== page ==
Tracy Breheny

    Tracy tells you how to make the most from the Library Champion Scheme.

    Are there new books, electronic books or DVDs you would like to see in the library?

    Do you think there are titles we need more copies of?

    If so, you can request books through your Library Champion!

    Each school has a pot of £5,000 allocated for book requests and a designated Library Champion who can be contacted when you would like to request books for the library.

    Find out more about the scheme from two of our Library Champions:

    You will need to include details about the items you would like us to order, including:

    • The title, author and ISBN number (this is the specific book number and can be found on Amazon’s website).
    • The year of publication (and edition if there is one).
    •  The number of copies you would like and the price.
    • The library you would like it for (Clifford Whitworth or Media City).

    You can also make suggestions for further library developments/services and offer feedback about the library to your Library Champion, who will then pass your comments to us and we will respond.  To find out more about your Library Champion and the scheme, take a look at our webpage here: http://www.salford.ac.uk/library/help/library-champions.

    Revision, exams and looking after yourself

    7 December 2018

    We all know that revising is tough. It is difficult to know where to start and very easy to get drawn into other things. Here are a few tips, tools and apps to help you ace your revision and exams!

  • Check out our revision tips
  • Learn how to improve your study concentration and cope with exam nerves
  • Have a look at our study guides on revision and exams
  • Access past exam papers. Have a look at Tracy’s blog post to learn how to do this.
  • Come to our Revision and Exam Techniques workshop on the 13th Dec 1-3 pm.
  • Don’t forget to live well for learning. Revision and exams can be stressful and time consuming. Make sure you find time for yourself!
  • read more

    Referencing: an introduction

    29 October 2018

    Anne introduces referencing.

    Even if you are still quite new to university you have probably already heard words like “referencing” and “citations” – and heard that they are VERY IMPORTANT.

    But what is referencing, and why do you need to do it?

    Research is a major part of university education, and it is expected that you will read, understand and discuss the writing of others. It is essential that you acknowledge what you have read to protect yourself against accusations of plagiarism, show the research you have done, and allow your tutors to identify your own ideas and understanding of your subject.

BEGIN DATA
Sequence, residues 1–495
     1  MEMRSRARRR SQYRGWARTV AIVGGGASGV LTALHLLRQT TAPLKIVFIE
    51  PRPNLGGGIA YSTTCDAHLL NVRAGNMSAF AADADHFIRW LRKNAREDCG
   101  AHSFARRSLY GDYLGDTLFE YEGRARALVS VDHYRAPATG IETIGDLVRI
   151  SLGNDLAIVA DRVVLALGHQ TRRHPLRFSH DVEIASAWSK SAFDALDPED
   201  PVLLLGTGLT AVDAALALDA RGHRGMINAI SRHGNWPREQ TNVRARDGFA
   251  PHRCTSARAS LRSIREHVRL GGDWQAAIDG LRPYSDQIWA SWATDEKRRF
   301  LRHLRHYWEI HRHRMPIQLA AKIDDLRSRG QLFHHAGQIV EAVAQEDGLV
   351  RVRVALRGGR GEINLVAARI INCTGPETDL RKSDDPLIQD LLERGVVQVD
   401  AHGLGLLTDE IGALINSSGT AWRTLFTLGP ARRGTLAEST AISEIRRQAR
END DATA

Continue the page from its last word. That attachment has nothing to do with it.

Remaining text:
This is what referencing means.

    To find out more, watch our Citing it Right video. Click the image to play.

    referencing-player

     
    Students on most taught courses at Salford are required to reference using the APA 6th style. There are links to PDF guides plus online examples on the Skills for Learning Referencing and Plagiarism pages.

    To learn more about referencing come to a workshop – and if you need more help you may book an appointment with your Subject Librarian or Study Skills Consultant.

    We want you to do well in your studies!

    Need maps for your research? Check out Digimap!

    3 August 2018

    Tracy Breheny

    Tracy talks about Digimap and all of the different types of maps you can get access to through Library Search.

    The Library has access to a collection of databases provided by Digimap.  These contain a variety of different maps which you can access using Library Search.  Our subscriptions include access to various different types of maps, scans, satellite images and land coverage information, and  can all be accessed online.

    We currently subscribe to the following Digimap collections:

    Digimap Environment

    Digimap Environment provides access to Land Cover Map data from the Centre for Ecology and Hydrology. This is a parcel-based classification of UK land cover derived from satellite images and digital cartography and gives land cover information for the entire UK. Land cover is based on UK Biodiversity Action Plan Broad Habitats.

    Help using it can be found here.

    Digimap Ordnance Survey

    This collection includes a variety of Ordnance Survey maps and licenced data.

    Help using it can be found here.

    Digimap Historic

    Historic Digimap provides access to the valuable historic Ordnance Survey map collection online. The maps included are digital scans of Ordnance Survey paper map sheets.

    The historic maps can be viewed online, printed and downloaded as images for use in image processing and GIS software.

    Help using it can be found here.

    Want further information?

    Digimap also has a blog which can be useful for keeping up-to-date with Digimap developments and new content.

    There is also a Digimap YouTube channel which contains lost of videos on using various components of the resource.

    How to use Medical Subject Headings (MeSH)…

    24 July 2018

    MeSH (Medical Subject Headings) is an organised list (or a controlled vocabulary) of medical and health care terms. You can use them like a thesaurus to identify new keywords and to find terms that are not commonly used or known. MeSH terms are best used in conjunction with your own keywords but remember that that a MeSH heading may not always be available for your topic.  This short video explains how to use MeSH in the Cinahl database.

    https://youtu.be/P5YXNpAA_eM